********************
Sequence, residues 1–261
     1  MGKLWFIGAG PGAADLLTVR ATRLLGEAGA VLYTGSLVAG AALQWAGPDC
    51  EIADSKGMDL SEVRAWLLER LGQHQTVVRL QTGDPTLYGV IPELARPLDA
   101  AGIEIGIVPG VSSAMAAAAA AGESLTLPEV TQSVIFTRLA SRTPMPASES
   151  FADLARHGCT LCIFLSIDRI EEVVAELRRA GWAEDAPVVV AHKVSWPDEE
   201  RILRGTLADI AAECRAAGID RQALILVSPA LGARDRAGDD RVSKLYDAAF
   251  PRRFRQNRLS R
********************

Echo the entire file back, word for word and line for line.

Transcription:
Sequence, residues 1–261
     1  MGKLWFIGAG PGAADLLTVR ATRLLGEAGA VLYTGSLVAG AALQWAGPDC
    51  EIADSKGMDL SEVRAWLLER LGQHQTVVRL QTGDPTLYGV IPELARPLDA
   101  AGIEIGIVPG VSSAMAAAAA AGESLTLPEV TQSVIFTRLA SRTPMPASES
   151  FADLARHGCT LCIFLSIDRI EEVVAELRRA GWAEDAPVVV AHKVSWPDEE
   201  RILRGTLADI AAECRAAGID RQALILVSPA LGARDRAGDD RVSKLYDAAF
   251  PRRFRQNRLS R